Film documentary buffs strike gold this weekend, when two Oscar-nominated, rapturously reviewed new docs rule the Film Forum marquee. Our regular feature, as tough and thorny as its subject, is The Gatekeepers, from Israel. Using fairly standard documentary techniques—interviews and archival footage presented in a straight-ahead chronology—director Dror Moreh scrutinizes the history of Israeli’s domestic counter-terrorism campaign since the Six-Day War. Moreh’s subject is Shin Bet, Israeli’s famous anti-terrorist intelligence agency (Shin Bet is to Mossad more or less what the FBI is to the CIA). How Moreh got six former heads of Shin Bet—men well-accustomed to keeping mum—to speak as candidly as they do, is a wonder in its own right. Perhaps, as the Boston Globe suggests, these “aging warriors of realpolitik” have simply “grown weary of carrying secrets.” But the greater marvel is how Moreh conjures from his interviews a greater narrative of ambivalence and regret—and not just about a botched air strike or a rendition gone awry, but about the futility of hard-fisted military responses to an enduring political crisis
“As a clear-eyed examination of a conflict that seems to have no end,” says the Philadelphia Inquirer, “The Gatekeepers is powerful, provocative stuff. These six men have stood on the front lines, but they also stand on the blurry lines of right and wrong, of moral doubt, and self-doubt.”
Not to say these men are sentimental. They make no apology for their careers. But their pragmatism outstrips ideology, and what isn’t working isn’t working. Says Yaakov Peri, who ran Shin Bet from 1988 to 1994, “When you retire [from Shin Bet], you become a bit of a leftist.” The Film Forum will screen The Gatekeepers on Thursday and Friday at 7:30, and on Sunday, at 7 p.m.
After Sunday’s screening, Bard College Professor Ethan Bloch will talk about the film and lead a conversation. Dr. Bloch co-founded Brit Tzedek v’Shalom, the Jewish Alliance for Justice and Peace, and has co-chaired of the National Middle East Task Force of New Jewish Agenda. Born and schooled in Israel, he continues to makes Israel his home each summer.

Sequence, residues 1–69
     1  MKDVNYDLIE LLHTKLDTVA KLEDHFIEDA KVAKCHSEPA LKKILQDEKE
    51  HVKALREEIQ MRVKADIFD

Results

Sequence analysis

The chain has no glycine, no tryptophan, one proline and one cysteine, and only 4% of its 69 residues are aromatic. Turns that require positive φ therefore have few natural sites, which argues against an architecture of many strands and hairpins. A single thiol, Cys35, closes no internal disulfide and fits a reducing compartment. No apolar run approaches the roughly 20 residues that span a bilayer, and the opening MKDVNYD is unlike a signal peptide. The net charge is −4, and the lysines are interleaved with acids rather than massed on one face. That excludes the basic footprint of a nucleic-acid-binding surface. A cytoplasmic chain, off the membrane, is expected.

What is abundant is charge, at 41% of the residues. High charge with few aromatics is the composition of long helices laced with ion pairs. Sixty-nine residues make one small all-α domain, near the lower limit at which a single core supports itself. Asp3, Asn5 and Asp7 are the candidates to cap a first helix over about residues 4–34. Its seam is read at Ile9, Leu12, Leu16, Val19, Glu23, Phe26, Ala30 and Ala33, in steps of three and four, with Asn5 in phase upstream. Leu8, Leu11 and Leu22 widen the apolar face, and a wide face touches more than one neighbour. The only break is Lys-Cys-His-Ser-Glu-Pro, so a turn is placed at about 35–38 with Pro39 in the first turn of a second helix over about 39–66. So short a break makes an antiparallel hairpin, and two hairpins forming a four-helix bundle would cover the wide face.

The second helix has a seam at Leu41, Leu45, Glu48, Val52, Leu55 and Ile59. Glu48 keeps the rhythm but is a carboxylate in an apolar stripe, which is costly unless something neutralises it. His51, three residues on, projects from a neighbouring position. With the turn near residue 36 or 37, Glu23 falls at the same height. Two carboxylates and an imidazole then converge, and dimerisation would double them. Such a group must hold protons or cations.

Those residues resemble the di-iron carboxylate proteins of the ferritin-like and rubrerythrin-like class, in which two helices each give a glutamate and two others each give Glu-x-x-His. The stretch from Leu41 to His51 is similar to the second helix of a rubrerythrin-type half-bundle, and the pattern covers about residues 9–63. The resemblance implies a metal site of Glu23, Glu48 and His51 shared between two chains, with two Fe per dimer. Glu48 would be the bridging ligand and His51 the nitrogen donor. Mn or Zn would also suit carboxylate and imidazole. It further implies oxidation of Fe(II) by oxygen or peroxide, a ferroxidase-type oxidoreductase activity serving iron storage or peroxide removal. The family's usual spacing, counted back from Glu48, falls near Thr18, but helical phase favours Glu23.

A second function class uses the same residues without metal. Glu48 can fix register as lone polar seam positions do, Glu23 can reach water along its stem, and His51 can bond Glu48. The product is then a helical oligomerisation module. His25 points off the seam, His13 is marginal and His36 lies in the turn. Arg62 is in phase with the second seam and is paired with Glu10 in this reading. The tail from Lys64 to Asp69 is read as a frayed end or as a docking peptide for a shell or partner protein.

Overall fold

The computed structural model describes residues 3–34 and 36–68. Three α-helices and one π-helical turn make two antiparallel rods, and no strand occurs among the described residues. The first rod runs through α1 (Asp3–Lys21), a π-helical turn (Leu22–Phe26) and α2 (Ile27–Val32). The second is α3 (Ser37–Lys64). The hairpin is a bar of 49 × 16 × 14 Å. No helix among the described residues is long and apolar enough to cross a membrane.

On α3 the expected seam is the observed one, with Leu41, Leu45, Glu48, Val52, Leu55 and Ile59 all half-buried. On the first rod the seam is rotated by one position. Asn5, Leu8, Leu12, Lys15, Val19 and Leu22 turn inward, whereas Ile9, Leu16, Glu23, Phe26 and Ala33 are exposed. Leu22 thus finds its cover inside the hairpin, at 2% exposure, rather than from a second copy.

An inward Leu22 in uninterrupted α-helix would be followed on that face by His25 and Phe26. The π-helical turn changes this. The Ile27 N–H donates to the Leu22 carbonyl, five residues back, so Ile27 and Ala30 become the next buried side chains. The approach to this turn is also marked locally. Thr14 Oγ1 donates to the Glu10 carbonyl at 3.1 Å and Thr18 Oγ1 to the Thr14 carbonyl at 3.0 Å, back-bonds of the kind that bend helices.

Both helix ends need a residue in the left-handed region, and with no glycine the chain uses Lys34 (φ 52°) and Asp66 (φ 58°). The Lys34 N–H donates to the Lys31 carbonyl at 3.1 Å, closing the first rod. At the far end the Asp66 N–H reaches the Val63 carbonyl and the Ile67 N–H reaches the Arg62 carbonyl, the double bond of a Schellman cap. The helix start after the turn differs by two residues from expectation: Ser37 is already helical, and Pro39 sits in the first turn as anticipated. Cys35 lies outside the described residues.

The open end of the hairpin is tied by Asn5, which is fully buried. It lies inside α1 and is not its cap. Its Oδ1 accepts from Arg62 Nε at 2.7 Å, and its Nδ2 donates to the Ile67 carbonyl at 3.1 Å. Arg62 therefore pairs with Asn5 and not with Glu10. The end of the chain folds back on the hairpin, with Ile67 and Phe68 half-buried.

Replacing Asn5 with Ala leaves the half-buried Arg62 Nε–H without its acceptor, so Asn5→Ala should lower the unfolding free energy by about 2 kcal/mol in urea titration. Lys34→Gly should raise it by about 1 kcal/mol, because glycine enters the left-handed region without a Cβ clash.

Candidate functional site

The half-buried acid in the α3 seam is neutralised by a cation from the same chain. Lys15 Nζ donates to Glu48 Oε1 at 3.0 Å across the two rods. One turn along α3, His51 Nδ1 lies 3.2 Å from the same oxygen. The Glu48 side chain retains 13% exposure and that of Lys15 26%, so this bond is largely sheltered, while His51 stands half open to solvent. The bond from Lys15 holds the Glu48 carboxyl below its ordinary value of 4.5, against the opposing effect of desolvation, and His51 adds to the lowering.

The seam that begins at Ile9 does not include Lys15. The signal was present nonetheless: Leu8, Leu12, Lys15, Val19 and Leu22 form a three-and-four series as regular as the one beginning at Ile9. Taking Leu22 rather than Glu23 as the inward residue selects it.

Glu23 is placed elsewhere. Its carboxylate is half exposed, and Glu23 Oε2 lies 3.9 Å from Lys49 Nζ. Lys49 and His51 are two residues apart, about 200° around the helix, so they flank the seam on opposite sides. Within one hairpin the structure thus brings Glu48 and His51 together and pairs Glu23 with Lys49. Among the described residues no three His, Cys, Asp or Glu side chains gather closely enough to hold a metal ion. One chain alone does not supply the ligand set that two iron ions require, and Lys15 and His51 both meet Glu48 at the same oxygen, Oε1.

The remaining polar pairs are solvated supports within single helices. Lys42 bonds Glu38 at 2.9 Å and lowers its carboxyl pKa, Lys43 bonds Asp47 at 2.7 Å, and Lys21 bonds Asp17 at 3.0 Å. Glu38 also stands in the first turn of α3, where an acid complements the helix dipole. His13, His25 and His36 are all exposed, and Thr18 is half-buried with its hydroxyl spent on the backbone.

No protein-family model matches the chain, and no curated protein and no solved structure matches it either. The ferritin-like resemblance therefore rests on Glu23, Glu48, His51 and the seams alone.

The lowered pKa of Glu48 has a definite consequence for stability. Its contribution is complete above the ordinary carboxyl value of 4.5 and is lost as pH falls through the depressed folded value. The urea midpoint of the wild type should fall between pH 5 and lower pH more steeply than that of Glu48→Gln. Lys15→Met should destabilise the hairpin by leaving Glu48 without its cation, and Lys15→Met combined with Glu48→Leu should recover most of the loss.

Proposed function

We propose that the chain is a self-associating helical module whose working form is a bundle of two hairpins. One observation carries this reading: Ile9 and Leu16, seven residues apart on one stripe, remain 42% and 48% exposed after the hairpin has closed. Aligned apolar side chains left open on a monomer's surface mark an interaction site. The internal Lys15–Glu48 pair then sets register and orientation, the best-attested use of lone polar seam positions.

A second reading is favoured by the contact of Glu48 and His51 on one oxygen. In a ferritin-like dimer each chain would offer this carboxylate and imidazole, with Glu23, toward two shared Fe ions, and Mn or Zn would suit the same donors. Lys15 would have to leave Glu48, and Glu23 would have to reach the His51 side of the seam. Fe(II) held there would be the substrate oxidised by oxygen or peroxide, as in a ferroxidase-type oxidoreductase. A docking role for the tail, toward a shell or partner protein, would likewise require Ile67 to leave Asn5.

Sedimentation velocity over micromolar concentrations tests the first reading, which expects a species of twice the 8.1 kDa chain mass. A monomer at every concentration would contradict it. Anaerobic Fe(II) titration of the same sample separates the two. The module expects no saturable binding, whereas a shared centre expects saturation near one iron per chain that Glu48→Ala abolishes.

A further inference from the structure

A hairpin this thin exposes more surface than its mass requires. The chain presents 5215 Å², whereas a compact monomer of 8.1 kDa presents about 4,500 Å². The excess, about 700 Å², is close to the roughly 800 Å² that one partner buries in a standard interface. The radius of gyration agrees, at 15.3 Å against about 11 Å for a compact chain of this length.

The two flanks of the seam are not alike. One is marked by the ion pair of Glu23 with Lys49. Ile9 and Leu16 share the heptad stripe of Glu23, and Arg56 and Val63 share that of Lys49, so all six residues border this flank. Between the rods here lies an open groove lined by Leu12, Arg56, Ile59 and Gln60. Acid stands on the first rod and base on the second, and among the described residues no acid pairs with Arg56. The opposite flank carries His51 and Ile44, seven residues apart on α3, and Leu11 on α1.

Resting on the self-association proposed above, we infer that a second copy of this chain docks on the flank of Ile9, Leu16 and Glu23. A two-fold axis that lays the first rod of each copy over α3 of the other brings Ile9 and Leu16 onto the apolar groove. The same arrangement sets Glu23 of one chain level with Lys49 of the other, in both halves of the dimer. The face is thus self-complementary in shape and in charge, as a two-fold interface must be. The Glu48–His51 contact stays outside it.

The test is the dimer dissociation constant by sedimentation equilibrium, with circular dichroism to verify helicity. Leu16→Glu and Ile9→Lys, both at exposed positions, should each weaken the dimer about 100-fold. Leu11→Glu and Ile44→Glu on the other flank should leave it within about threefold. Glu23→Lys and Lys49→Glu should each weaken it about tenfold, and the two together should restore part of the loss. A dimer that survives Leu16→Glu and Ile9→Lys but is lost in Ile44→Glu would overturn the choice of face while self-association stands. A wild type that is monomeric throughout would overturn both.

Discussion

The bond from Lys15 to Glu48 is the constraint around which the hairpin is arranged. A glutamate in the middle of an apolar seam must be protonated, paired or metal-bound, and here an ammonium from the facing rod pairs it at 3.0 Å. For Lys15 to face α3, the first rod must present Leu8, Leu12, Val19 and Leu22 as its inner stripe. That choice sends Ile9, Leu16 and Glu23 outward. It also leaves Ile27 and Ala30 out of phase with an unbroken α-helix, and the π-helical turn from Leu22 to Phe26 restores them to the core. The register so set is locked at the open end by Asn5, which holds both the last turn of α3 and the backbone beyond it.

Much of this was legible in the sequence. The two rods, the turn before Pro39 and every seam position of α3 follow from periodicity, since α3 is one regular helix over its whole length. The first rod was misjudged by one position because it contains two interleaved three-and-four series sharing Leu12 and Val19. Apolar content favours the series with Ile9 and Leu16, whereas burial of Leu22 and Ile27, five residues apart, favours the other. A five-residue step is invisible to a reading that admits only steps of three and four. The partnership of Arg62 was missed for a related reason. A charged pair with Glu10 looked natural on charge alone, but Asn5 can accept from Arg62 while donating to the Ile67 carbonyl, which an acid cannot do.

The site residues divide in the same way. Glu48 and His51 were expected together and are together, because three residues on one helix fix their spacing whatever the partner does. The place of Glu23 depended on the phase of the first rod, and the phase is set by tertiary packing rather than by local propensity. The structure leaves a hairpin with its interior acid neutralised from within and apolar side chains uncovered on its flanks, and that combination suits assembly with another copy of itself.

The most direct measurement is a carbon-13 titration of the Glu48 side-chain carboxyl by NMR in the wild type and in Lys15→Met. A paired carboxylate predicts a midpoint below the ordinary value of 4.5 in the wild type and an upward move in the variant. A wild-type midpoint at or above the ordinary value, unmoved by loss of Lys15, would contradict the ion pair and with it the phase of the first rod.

On Saturday evening, June 1, the Film Forum presents a one-time screening of How to Survive a Plague, a gripping account of the life-saving role of New York City activist groups, Act Up and Tag, in fast-tracking the delivery of crucial medication to numberless young men diagnosed with HIV at the height of the epidemic. Instead of focusing on the disease itself, director David France celebrates the ingenuity and resolve of the self-made activists who infiltrated Big Pharma and helped identify promising new drugs, moving them from experimental trials to desperate patients in record time. Using never-seen footage from the 1980s and ’90s, France puts viewers at the heart of the controversial actions and exultant victories of heroes in the making.
This 7 p.m. screening will be followed by a conversation with Damien Center program director and long-time AIDS activist Dorothy Nangle, and Dr. Ralph Liporace from the HIV/AIDS Division of the Albany Medical Center, and moderated by Albany community activist, Harry Faddis. How to Survive a Plague is an In the Public Interest! screenings, made possible by a grant from the Adirondack Trust Company Community Find. Film Forum screenings are at the Dee Sarno Theater in the Saratoga Arts Center at 320 Broadway in downtown Saratoga Springs. For more information about these screenings and our presenters, please visit the Now Playing page on our Web site. General admission is $7; Film Forum members and students pay $5.